American Honey written and directed by Andrea Arnold (A24, Parts and Labor, British Film Institute, Film4, R, 163 min)
Starring Sasha Lane, Shia LaBeouf, Riley Keough, McCaul Lombardi, Arielle Holmes, Crystal Ice, Veronica Ezell, Chad Cox, Garry Howell, Kenneth Kory Tucker, Raymond Coalson, Isaiah Stone, and Dakota Powers.
A Suburbanite’s Dance with Poverty
My closest dance with poverty waltzed through my life in my early twenties. Mind you, poverty in the most white, suburbanized approach to the word. Even during my lowest earning periods, parents possessed a knack for encouraging currency toward my empty coffers, let alone the fail-safe of an exhibit-quality room waiting for me were I ever to require lodging again (I did).
As such, the suburban white kid experiences poverty when he dreams of rock stardom and convinces a handful of other white suburban kids to take up axes and by opposing capitalism to end them.
The small band tour opens the eyes of the privileged to a lifestyle forced upon many. The van becomes your bed. The Wal-Mart restroom operates as tooth brushing facility. And showers are a luxury for the bourgeoise.
When considering the influence of American Honey upon viewing, its realism of poverty offers stark reminders of band road trips with few decimals in the bank account.
Introducing American Honey
Focusing on Star (Sasha Lane), the titular American Honey, American Honey introduces its protagonist in a garbage bin as she discovers a packaged raw chicken. With stepchildren in tow, Star scrounges for her family’s supper.
While aiming to hitchhike her family back home, Star encounters Jake (Shia LaBeouf) and his cadre of misfits dancing to Rihanna in a Wal-Mart.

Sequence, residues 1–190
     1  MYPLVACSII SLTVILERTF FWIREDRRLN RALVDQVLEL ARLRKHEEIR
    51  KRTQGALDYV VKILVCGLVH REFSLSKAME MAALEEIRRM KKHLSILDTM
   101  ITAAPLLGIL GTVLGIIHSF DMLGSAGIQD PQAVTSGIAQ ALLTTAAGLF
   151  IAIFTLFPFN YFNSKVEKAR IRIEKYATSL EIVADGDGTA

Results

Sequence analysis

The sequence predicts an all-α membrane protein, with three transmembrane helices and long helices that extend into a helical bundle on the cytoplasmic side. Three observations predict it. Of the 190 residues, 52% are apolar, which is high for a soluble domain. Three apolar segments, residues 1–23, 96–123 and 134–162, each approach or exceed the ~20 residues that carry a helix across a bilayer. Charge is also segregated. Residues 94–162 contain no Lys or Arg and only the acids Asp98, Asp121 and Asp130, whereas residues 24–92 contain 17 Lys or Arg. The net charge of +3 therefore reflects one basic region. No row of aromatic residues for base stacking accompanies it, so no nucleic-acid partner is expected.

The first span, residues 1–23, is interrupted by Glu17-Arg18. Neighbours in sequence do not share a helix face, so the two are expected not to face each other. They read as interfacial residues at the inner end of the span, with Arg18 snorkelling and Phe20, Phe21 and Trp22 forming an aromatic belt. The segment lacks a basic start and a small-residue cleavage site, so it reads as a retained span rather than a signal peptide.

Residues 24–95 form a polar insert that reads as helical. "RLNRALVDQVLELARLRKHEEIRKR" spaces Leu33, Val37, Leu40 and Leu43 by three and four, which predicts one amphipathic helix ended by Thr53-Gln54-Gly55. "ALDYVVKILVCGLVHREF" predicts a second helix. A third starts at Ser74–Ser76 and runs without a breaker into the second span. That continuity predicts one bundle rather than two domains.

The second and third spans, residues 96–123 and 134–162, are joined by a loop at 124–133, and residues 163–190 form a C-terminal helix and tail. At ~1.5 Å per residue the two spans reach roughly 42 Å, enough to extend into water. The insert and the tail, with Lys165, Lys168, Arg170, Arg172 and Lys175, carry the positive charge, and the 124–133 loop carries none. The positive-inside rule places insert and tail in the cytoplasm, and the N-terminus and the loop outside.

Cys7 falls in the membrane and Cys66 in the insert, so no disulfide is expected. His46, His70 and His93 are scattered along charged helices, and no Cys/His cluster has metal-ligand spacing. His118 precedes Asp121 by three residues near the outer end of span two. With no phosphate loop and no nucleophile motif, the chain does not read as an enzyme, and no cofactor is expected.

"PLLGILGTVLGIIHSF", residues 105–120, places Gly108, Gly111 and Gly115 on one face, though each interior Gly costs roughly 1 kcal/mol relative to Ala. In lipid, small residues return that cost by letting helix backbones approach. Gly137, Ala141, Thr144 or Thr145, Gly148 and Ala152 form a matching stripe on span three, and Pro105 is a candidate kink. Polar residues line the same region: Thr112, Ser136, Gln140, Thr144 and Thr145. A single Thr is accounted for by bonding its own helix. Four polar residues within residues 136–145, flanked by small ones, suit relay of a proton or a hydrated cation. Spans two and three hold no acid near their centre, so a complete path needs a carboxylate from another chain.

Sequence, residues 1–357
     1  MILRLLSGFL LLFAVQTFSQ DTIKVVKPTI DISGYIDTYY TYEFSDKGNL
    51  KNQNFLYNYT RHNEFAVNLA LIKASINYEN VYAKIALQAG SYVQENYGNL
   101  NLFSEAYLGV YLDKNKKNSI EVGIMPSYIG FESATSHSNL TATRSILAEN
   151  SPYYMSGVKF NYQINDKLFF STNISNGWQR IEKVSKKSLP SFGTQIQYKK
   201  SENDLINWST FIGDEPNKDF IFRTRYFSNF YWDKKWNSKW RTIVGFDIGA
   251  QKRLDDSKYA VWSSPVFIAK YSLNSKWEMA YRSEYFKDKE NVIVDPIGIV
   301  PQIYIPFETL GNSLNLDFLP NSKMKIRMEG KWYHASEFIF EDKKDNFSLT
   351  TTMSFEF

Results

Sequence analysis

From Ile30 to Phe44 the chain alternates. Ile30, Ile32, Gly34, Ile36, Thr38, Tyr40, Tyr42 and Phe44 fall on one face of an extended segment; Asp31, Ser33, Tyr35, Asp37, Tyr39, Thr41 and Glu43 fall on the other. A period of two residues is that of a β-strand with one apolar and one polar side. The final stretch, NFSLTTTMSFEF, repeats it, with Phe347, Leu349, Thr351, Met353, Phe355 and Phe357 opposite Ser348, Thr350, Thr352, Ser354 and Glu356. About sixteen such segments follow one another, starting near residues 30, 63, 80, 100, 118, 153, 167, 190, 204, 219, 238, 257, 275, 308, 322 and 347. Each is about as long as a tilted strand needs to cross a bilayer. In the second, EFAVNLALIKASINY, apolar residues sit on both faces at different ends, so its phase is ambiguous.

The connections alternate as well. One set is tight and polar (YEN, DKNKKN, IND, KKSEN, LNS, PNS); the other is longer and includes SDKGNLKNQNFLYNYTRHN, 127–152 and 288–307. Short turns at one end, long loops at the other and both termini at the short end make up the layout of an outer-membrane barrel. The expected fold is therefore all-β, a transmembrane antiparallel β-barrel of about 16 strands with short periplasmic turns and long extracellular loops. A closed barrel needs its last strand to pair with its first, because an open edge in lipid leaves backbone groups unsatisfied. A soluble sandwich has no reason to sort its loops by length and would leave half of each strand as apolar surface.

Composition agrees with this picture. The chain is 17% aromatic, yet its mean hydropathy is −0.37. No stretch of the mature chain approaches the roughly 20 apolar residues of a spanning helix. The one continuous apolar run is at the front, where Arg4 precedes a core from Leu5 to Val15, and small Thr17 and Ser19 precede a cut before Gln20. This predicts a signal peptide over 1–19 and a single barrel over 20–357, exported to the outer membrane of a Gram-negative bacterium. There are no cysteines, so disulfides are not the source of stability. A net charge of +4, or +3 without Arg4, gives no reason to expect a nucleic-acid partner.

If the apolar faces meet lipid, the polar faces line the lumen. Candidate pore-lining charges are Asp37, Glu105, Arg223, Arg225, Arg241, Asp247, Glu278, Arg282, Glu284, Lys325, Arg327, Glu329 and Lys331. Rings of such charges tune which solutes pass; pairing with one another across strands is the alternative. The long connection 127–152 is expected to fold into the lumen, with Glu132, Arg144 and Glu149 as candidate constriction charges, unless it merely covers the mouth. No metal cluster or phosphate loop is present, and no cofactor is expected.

An Offer You Can’t Refuse
Intrigued, Star engages Jake. She wants to know the deal. The answer? A job. Door-to-door sales. Magazine subscriptions. Star has 24 hours to decide before the sales men and women proceed to the next town.
Torn between a real-life job opportunity and babysitting her stepchildren, Star believes her time has come to take life by the horns and operate autonomously.
What follows is a depiction of road tripping flyover country. Star discovers how the hope and joy of a job opportunity fades with the reality of the work. Most effective sales pitches involve lying and goading richer individuals into pitying her unfortunate circumstances. Even worst, most of the money funnels to Krystal (Riley Keough) supposedly for administration feels but clearly to fund her own shopping habits.
What keeps Star going is the potential for a budding romantic relationship. Rough around the edges, Jake is a dreamer. One that shares many of Star’s dreams.
Shot in 1.33 aspect ratio, the film feels personal and the cinematography reinforces the in-your-face feeling of living in the midst of this motley crew. The depiction of poverty resonates in its realism. Not every poor person sits near the underpass panhandling; some hustle magazine subscriptions.
American Honey, specifically in its road trip format, hearkens me back to the days of loose change in the pocket as a starving artist. Even more than my chosen pursuits, American Honey places an empathetic look at the people doing whatever it takes to barely make ends meet in Middle America, so often neglected in pop culture. American Honey is masterful filmmaking. Recommended.
Verdict: 4.5 out of 5